How to Cut Thistle After It Has Formed a Flower


Thistle is the common name for a number of species, some native, but an increasing number that are invasive, including many in the genus Cirsium, such as the bull thistle Cirsium vulgares. Once thistles flower, they rapidly go to seed and within a short time become highly invasive. They may even become the predominant species in fields and meadows, crowding out native and more valuable species. Therefore, despite their beauty, it is important to literally, nip them in the bud.

Step 1

Put on heavy gloves to work with thistles. They have sharp spines all over--from the flower head to the rosette on the ground--and you will hurt yourself if you do not wear gloves.

Step 2

Grasp the stem and gently pull the flower down where you can reach it (they can be quite tall), trying to avoid too much movement of the seed head if the bloom has matured and begun to disperse seeds. If the bloom is fresh or still a bud, and is not dropping seeds, skip the next step.

Step 3

Hold the flower stalk in one hand and use the other hand to spray water over the fluffy seed heads. (They are lightweight, and will blow away in the breeze like dandelion seeds. Wetting weighs them down so they cannot easily disperse.)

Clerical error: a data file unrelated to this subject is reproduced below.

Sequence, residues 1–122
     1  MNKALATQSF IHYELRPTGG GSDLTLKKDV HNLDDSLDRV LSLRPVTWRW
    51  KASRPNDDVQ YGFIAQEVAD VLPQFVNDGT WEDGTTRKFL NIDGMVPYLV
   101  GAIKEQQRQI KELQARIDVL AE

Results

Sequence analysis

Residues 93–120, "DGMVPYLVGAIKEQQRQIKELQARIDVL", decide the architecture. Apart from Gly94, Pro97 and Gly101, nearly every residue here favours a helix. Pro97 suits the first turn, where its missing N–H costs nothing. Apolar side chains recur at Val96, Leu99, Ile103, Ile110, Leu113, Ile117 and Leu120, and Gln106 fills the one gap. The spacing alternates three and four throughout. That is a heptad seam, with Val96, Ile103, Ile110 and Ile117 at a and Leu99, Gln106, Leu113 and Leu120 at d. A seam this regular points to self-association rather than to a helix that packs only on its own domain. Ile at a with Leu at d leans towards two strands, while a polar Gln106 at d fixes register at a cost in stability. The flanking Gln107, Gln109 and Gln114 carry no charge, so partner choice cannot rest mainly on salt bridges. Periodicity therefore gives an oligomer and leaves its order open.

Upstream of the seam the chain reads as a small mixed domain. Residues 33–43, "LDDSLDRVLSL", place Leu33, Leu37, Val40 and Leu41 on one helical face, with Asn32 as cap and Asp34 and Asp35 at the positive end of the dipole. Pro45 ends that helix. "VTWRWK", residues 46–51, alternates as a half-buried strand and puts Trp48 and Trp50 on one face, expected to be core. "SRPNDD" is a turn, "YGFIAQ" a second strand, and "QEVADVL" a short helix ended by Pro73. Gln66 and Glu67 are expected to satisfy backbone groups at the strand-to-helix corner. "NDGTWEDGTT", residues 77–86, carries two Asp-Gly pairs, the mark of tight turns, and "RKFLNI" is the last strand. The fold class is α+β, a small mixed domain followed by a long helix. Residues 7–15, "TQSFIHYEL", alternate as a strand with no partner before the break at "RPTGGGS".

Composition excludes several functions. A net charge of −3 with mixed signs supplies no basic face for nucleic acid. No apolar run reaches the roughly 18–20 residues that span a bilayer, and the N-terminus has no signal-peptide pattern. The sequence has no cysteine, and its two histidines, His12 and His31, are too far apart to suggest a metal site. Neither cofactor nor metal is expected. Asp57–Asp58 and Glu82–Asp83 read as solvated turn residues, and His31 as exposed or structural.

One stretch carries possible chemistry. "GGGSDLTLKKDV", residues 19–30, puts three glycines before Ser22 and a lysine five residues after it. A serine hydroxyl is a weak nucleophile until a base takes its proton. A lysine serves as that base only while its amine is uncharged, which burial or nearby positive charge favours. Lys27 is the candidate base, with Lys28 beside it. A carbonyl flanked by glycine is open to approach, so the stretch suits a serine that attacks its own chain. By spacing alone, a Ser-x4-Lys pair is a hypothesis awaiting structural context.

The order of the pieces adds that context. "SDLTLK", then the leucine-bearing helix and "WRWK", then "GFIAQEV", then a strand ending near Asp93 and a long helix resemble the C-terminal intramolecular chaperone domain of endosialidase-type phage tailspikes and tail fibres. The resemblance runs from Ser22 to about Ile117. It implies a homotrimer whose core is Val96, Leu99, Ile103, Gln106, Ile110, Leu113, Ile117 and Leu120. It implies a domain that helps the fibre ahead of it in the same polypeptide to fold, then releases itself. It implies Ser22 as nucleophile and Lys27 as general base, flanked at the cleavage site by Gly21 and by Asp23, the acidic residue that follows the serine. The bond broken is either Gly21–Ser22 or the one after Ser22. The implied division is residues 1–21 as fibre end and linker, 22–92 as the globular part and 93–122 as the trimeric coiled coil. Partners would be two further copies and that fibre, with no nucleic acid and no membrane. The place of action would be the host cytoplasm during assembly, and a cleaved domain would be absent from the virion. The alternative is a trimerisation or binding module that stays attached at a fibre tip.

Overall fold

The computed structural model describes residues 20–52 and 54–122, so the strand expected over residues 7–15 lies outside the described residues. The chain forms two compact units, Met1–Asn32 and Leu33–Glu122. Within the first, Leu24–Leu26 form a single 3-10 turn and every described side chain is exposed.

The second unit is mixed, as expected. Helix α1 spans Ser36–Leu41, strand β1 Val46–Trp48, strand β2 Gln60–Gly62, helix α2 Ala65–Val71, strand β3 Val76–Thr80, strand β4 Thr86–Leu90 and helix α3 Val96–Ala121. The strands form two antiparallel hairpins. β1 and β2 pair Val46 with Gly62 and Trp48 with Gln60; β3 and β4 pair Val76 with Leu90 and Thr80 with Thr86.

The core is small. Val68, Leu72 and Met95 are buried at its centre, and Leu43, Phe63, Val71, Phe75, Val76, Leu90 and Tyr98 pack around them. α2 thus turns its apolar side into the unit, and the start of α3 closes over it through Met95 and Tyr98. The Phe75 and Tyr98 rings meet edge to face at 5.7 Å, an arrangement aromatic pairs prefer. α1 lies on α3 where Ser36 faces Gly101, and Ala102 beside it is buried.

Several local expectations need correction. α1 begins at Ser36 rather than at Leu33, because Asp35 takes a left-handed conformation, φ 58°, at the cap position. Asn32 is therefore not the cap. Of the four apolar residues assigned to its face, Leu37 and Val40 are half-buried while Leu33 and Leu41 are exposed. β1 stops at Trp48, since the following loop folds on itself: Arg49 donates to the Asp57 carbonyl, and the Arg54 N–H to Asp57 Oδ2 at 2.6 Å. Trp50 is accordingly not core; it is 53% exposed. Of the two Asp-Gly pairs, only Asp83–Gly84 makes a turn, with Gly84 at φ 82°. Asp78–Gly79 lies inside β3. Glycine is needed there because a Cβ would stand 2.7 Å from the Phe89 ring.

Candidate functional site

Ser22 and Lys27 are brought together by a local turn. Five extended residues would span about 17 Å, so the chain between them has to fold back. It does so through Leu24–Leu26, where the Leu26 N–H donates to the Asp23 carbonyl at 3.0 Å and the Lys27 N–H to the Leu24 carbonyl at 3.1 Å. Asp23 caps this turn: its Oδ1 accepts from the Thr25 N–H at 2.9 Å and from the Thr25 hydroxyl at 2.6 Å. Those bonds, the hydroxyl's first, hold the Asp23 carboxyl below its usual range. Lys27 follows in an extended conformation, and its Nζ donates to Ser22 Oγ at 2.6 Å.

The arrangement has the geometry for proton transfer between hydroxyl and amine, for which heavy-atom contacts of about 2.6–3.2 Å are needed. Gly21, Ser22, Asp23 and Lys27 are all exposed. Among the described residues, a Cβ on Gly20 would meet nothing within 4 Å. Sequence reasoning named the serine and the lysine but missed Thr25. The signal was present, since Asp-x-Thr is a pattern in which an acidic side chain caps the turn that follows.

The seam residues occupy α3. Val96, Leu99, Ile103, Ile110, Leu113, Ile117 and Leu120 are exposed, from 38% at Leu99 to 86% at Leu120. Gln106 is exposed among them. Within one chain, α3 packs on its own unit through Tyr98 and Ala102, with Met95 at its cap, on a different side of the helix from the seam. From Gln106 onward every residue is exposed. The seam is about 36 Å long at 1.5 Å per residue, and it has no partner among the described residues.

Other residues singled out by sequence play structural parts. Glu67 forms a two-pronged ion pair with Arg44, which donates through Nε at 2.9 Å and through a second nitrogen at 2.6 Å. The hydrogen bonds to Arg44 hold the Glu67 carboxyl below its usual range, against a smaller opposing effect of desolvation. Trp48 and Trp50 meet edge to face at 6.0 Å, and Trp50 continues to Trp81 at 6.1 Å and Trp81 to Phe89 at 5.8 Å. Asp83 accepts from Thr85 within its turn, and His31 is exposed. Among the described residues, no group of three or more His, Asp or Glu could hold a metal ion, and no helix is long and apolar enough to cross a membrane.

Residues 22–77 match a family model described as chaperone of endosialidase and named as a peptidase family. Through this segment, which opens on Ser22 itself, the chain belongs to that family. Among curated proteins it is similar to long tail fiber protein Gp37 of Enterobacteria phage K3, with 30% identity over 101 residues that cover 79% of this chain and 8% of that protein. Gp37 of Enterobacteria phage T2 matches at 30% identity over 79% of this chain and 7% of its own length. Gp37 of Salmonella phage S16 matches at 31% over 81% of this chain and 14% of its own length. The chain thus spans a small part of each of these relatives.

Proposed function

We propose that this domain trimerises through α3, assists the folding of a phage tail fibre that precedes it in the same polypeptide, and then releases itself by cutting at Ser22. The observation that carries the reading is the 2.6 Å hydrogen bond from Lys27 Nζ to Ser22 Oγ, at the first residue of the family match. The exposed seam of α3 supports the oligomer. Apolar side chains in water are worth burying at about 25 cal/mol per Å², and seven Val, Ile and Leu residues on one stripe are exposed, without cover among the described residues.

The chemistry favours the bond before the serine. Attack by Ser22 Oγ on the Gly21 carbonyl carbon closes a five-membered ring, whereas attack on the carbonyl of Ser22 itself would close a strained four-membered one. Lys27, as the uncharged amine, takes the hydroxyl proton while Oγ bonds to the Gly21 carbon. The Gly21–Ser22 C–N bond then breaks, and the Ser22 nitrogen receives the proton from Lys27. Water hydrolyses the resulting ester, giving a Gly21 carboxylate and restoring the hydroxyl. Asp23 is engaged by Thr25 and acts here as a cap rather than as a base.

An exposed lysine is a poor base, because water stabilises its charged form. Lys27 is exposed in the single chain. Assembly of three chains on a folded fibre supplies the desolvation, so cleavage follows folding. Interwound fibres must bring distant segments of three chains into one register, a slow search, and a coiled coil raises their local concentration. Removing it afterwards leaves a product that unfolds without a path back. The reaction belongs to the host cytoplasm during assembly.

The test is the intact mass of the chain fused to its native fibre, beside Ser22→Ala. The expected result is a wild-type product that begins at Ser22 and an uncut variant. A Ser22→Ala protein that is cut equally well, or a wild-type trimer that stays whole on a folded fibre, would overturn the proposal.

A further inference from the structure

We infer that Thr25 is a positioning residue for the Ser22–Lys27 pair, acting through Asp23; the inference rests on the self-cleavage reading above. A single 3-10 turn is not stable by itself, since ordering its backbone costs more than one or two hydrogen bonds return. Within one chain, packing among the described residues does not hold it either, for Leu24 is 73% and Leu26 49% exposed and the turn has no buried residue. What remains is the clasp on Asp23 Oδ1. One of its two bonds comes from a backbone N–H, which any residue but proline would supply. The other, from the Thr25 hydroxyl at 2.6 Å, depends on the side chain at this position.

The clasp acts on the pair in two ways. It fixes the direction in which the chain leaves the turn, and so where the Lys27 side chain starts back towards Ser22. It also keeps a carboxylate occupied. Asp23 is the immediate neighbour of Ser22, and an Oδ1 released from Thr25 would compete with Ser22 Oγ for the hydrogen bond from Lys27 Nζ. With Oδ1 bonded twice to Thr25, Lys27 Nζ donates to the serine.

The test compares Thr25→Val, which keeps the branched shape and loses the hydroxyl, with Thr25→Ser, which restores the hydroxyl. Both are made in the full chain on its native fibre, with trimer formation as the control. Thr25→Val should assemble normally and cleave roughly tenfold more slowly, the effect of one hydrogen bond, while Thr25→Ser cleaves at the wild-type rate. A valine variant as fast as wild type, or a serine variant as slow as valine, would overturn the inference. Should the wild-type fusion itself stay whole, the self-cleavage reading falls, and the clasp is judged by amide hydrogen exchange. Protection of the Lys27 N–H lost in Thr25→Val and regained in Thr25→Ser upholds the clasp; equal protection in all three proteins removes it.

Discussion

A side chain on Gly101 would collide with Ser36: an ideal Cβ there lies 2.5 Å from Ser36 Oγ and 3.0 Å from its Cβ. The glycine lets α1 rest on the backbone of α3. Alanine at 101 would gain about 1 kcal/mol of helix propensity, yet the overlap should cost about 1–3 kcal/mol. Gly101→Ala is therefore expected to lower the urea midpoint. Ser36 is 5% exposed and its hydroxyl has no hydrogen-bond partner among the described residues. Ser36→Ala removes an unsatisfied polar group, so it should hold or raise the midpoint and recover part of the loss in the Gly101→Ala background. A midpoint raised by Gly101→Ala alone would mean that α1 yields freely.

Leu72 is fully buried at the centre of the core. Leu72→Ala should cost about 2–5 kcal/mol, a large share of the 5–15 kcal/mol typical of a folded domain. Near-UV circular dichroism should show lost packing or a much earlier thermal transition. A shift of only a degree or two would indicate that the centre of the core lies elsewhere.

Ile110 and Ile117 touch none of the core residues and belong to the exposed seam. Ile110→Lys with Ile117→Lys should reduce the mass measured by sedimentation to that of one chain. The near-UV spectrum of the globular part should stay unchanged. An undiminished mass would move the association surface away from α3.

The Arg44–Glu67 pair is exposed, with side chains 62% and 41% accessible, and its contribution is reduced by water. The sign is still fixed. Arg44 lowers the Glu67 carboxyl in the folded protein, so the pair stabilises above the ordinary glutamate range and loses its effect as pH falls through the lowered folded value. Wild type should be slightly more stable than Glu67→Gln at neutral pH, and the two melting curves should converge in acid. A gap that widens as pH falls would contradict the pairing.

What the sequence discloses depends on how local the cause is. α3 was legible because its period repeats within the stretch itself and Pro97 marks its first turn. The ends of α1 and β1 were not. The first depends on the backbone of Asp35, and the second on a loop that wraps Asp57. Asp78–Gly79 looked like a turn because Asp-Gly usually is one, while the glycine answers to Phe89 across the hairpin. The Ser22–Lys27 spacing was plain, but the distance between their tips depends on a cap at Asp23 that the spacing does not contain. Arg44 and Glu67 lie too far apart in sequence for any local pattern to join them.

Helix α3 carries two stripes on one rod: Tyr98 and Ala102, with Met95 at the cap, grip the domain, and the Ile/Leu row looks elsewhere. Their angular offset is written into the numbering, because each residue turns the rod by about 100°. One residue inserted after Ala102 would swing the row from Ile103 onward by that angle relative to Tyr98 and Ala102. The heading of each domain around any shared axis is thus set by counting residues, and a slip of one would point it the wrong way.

Step 4

Place a paper bag over the seed head and crimp it tightly around the stalk. (Tape to hold it shut at that point.)

Step 5

Use a knife or machete to cut the stalk below the paper bag.

Step 6

Cut the rest of the thistle to within a foot of the ground, then grasp the stalk and pull up the thistle root. (If it breaks you must dig it out with a shovel or trowel to kill the entire plant.)

Step 7

Burn the paper bag with the thistle head inside (preferably, in a wood stove or other contained fire where no seeds can escape to reseed).

Tips and Warnings

  • Resist the urge to allow thistles to bloom just because they are pretty. Do not fall prey to the idea that you can control them afterward. If a thistle is allowed to go to seed unchecked, you may be facing a lifetime of eradication effort.

Things You'll Need

  • Heavy gloves (leather recommended)
  • Spray bottle of tap water
  • Large paper bag
  • Masking tape
  • Sharp knife or machete


  • University of Missouri Extension: Thistles and Thistle-like Plants of Missouri

Who Can Help

  • University of Missouri Extension: Biological and Integrated Control of Musk Thistle in Missouri
  • University of Florida Extension: Thistle Control in Pastures
Keywords: cut thistle blooms, cutting down thistles, eradicate thistles, getting rid of thistles

About this Author

Deborah Stephenson is a freelance writer and artist, who brings over 25 years of both professional and life experience to her writings. Stephenson features a Bachelor of Arts in Anthropology from University of Arkansas at Fayetteville. She is an anthropologist & naturalist, and has published a field guide on Michigan's flora & fauna as well as numerous political and environmental articles.